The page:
"This game is from a huge company. The activation servers aren't going anywhere."
Really? Are they as big as Microsoft? Because Microsoft sold music that required online activation. Then they changed their minds and took the service down. Everyone who had purchased music found that the stuff they "owned" went poof overnight. No refund. All that money and data. Gone. Someday, this will happen to online-activated games as well.
It costs money to run a server. The cost of running a server forever can't be anything less than infinity. Sooner or later, they will get tired of paying that money to authenticate a game that is no longer on the shelves. At that point, turning the server off will make good business sense.
Sure, they could release a patch to remove the need for authentication, but doing so would cost money. Why would they go through that hassle? Microsoft has proven you can yank the rug out from under your customers without consequences. If you read the EULA, I'm sure you'll discover they have left themselves room to do exactly this.
"I trust this company. I'm sure they'll release a patch if they ever take the servers down."
It's nice that you trust them, although it's worth noting that this entire system exists because they don't trust you. In any case, companies are not people and a company can change ownership - and thus personality - overnight. Blizzard is a rather striking example.
"No, seriously, if these guys go under I totally trust them to release a patch to remove the need for activation."
That seems reasonable at the beginning, but the truth is that this is extremely unlikely. If this company goes out of business, it's because they're out of money. Which means they can't afford to pay a couple of programmers to sit around for a few weeks sifting through decades-old source code to remove all the activation gremlins from all of the dozen or so games they've released over the years. (Keeping in mind that the original programmers have probably moved on, and also keeping in mind that activation systems are imposed by publishers but source code is written by developers. It gets messy very quickly.)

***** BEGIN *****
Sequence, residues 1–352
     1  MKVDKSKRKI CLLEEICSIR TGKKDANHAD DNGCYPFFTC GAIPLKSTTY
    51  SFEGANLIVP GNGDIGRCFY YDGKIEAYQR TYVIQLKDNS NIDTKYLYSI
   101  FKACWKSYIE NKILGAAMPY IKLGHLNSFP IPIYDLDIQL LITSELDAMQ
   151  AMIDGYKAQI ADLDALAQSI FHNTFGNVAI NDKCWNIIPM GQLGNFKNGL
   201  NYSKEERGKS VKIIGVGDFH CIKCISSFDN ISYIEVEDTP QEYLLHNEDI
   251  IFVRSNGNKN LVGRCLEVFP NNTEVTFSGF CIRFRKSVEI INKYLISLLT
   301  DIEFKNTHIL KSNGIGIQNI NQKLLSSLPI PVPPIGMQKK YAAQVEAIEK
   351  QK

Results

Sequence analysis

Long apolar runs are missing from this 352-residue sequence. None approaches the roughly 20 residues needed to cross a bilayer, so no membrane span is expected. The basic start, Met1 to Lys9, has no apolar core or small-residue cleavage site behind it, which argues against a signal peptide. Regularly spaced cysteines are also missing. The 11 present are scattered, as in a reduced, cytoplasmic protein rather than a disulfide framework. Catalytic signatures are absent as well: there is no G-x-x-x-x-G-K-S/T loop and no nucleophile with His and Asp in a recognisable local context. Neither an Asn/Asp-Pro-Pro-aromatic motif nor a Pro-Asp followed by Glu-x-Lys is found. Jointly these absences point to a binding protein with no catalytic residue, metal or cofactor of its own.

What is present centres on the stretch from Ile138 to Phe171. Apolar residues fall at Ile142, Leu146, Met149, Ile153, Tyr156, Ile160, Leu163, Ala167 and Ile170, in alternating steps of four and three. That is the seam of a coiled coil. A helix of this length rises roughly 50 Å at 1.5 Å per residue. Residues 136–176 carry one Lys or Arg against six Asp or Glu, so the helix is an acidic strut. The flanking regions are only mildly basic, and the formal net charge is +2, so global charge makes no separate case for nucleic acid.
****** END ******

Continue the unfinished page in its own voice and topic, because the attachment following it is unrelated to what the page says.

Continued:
Moreover, they won't have the right to do so. When you go under, your company is now owned by all the people who have loaned you money. They own the games now. Do you really think they care about the stupid-ass activation system you put in ten years ago? They loaned you money and that money is gone. They are trying to get out of this without losing more. What could possibly make them care about your useless and short-sighted activation system?
BioShock is no longer on the shelves. You can't usually find it in the store. Now would be the perfect time to release a patch to remove the need for activation. Yet, they haven't. Honest customers installing the game on their new computer for a replay are still hassled by the system. If they won't patch the game now when doing so would be easy, then they certainly aren't going to do it later when they're going out of business or just sick of running the server.
"Well, they have to do SOMETHING about piracy!"
I'm open to suggestions, but a system which turns a purchase into a rental while doing nothing to stop pirates doesn't seem to be a winning strategy. Not for us, anyway. I'm not against activation because of how easy or hard it might be, I'm against it because it's a ripoff that dooms the game to become unplayable at some unknown point in the future. To own something is to control it. If I sold you a car and kept the keys but promised you could "borrow" the keys any time you liked, you would immediately recognize that I wasn't selling you anything at all - I'm just charging you full price and then letting you park my car in your driveway. But people are fooled when confronted with the same deal in software form.
Don't be fooled by how easy activation is. If you're activating a game, you don't own it or have the freedom to play it at will. You are at the mercy of the publisher, and they are not on your side.